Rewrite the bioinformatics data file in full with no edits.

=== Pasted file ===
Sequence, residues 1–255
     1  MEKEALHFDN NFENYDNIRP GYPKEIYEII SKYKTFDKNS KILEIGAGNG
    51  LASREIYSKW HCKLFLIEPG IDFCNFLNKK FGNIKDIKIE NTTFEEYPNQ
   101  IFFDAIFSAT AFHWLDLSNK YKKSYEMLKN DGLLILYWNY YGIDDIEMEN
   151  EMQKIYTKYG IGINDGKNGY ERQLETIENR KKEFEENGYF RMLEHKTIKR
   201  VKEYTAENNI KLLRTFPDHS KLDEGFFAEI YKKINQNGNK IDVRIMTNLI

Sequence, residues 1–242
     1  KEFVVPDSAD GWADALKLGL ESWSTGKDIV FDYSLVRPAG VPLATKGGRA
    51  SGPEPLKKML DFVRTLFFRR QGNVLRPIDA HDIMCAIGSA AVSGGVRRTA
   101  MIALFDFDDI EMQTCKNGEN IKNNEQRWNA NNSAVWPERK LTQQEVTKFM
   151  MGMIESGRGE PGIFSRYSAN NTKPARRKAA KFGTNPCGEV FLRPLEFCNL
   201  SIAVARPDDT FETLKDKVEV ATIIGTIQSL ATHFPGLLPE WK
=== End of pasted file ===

Sequence, residues 1–255
     1  MEKEALHFDN NFENYDNIRP GYPKEIYEII SKYKTFDKNS KILEIGAGNG
    51  LASREIYSKW HCKLFLIEPG IDFCNFLNKK FGNIKDIKIE NTTFEEYPNQ
   101  IFFDAIFSAT AFHWLDLSNK YKKSYEMLKN DGLLILYWNY YGIDDIEMEN
   151  EMQKIYTKYG IGINDGKNGY ERQLETIENR KKEFEENGYF RMLEHKTIKR
   201  VKEYTAENNI KLLRTFPDHS KLDEGFFAEI YKKINQNGNK IDVRIMTNLI

Sequence, residues 1–242
     1  KEFVVPDSAD GWADALKLGL ESWSTGKDIV FDYSLVRPAG VPLATKGGRA
    51  SGPEPLKKML DFVRTLFFRR QGNVLRPIDA HDIMCAIGSA AVSGGVRRTA
   101  MIALFDFDDI EMQTCKNGEN IKNNEQRWNA NNSAVWPERK LTQQEVTKFM
   151  MGMIESGRGE PGIFSRYSAN NTKPARRKAA KFGTNPCGEV FLRPLEFCNL
   201  SIAVARPDDT FETLKDKVEV ATIIGTIQSL ATHFPGLLPE WK